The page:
If it looks like a duck, acts like a duck…it must be a duck (spoiler alert: the picture is of a goose), and yet, the day I took this picture, a little boy ran around trying to catch the duck. The goose hissed at him, and said in a huff, “I don’t look anything like a duck.” But the kid kept calling it a duck.
What does this have to do with writing middle grade? It makes me think about Telling in writing… If it looks like telling, acts like telling, it must be telling (so delete?).
Telling in writing is NOT a very bad, no good, horrible action. Sometimes it feels like it is a writing crime to tell in writing. It is not. In fact, Telling is as much of a requirement as Showing in a great read, and too much Showing would be just as much of a problem (and would become a tedious read). There needs to be balance.
This knowledge (of balance, and Telling being good) was an epiphany and a relief. Very sensible approach to storytelling, I thought.
Yet, critiques and even conference presentations do not seem to get this message across. Perhaps this is the art of discovery as we journey to become better writers? Honing our craft, writing, laboring, suffering…
Maybe I can relieve the bit about the suffering.
I’m here to tell you I’m going to show you the best books I have found on the topic of Show vs. Tell. It also means I am not going to reinvent the wheel by coming up with luminous (clever, astute, brilliant) writing examples in this post. I devote my time to writing stories, and to learning the craft from people who have already devoted large amounts of their time teaching us the finer point of novel writing. I am passing on what worked for me, because with so many books out there, I have found some are better at some bits, and not others, and it can all get very overwhelming when you start hunting for examples (that are both good examples, and specific).
I enjoyed (*both authors have very different writing styles, flip through the books and see what you will be comfortable with):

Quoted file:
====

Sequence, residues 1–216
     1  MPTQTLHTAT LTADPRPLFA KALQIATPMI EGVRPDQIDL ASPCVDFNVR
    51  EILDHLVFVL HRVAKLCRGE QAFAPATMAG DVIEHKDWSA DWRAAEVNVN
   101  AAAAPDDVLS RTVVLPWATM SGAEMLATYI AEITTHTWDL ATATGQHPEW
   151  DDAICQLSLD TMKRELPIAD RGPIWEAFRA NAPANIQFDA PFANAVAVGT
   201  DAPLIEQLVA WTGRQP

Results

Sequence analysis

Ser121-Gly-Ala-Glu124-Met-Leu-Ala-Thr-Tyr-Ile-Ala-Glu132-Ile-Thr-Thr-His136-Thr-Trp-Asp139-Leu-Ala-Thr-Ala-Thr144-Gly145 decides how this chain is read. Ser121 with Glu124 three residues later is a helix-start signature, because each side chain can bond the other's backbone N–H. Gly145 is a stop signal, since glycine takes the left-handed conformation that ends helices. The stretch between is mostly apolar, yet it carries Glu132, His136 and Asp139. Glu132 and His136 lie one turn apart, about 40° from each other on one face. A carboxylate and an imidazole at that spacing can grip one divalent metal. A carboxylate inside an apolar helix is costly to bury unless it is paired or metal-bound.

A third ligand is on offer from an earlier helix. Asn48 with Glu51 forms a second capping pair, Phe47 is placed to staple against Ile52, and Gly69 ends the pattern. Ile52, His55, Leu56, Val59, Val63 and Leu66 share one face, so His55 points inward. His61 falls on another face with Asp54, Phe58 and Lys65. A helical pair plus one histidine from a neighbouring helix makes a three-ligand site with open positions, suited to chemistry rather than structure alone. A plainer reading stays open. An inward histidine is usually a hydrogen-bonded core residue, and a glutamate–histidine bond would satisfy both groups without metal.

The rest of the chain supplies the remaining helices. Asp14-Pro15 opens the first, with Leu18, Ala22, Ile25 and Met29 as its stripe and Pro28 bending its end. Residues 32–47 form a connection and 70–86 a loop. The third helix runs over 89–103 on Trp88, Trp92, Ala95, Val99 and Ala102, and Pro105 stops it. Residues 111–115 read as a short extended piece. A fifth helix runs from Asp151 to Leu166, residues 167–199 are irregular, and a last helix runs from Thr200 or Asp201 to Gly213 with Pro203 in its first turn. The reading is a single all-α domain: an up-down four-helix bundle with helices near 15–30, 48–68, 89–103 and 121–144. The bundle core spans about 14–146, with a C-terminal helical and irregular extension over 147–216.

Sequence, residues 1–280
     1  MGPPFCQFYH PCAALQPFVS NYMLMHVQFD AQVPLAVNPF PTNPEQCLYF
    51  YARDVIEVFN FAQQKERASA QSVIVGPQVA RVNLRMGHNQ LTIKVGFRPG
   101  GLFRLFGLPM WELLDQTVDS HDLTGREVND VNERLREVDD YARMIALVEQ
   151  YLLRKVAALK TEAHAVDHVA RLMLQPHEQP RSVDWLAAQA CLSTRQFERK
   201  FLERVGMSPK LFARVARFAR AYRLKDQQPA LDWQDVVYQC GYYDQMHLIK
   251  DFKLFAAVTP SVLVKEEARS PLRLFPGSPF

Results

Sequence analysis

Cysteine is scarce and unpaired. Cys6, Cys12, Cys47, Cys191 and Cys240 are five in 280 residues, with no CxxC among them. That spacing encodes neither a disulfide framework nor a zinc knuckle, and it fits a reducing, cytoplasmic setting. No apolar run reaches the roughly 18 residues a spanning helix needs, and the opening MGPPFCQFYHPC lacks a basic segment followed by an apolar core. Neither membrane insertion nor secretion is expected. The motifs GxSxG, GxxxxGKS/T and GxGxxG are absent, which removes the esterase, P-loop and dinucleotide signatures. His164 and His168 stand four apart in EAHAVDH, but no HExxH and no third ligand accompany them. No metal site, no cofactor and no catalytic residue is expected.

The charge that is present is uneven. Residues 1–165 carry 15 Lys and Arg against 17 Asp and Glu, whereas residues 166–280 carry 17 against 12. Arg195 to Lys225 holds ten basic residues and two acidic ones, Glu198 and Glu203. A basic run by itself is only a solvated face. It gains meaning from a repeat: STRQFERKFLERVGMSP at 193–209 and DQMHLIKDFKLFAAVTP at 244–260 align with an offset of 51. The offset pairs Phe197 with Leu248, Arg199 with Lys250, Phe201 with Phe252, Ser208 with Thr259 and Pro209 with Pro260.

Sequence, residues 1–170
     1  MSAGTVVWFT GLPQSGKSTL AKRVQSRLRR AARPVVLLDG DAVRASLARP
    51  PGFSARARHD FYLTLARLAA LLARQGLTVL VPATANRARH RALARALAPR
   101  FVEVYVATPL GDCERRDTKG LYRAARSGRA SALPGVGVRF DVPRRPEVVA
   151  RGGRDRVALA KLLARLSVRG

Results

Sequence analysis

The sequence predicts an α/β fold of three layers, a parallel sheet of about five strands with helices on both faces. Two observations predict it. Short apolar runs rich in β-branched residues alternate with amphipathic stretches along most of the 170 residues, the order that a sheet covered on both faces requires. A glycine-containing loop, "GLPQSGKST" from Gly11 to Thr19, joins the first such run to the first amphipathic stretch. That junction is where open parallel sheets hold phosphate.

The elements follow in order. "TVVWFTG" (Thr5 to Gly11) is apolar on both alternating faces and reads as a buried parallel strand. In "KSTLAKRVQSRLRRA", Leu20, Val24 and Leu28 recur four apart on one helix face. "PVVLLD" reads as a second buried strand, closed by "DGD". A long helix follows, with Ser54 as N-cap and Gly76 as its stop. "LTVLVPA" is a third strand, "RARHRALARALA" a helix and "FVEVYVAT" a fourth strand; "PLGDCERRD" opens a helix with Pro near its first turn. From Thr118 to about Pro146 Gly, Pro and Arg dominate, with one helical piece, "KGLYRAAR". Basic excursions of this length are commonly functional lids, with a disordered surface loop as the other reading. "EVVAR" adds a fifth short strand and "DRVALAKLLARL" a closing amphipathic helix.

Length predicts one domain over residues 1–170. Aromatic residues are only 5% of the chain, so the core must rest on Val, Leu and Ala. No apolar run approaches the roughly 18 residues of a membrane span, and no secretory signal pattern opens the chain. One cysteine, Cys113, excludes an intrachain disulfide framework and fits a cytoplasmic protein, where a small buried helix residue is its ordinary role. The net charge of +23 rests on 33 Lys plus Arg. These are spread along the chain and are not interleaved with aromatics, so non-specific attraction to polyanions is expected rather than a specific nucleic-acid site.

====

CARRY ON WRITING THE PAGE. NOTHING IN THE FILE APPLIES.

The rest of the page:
- Troubleshooting Your Novel, by Steven James. Mr. James writes, “Show struggles. Tell goals.” He breaks down examples in a table, with the story element described, and then a concrete explanation on if it should be show or tell. (Notice I said concrete examples, not nebulous statements on what writers should or should not do.)
- Writing Irresistible Kidlit, by Mary Kole. Her book is dense! I am on my third read of it, it is that dense. It is like a hearty, dark rye bread. Very filling and best eaten slow. Ms. Kole’s section on Be a Curator, Not a Camera, is an example of what not to write when you are narrating (and why). “Don’t let a character or narrator impartially record the events and relay them to the reader….” The whole book is peppered with specific examples from kidlit, and explanations of what works and why. One particularly fitting example in Kole’s book comes from a section on the middle grade novel Alvin Ho: Allergic to Girls, School, and Other Scary Things by Lenore Look (pg.59). Ms. Kole shows us the Showing, why it builds tension, how the reader is able to see that Alvin’s father is upset, and how we as the reader actually feel the fact that Alvin is threatened. She also discusses several types of Telling, and explains two should be avoided, and one can be used skillfully as part of our writing toolkit.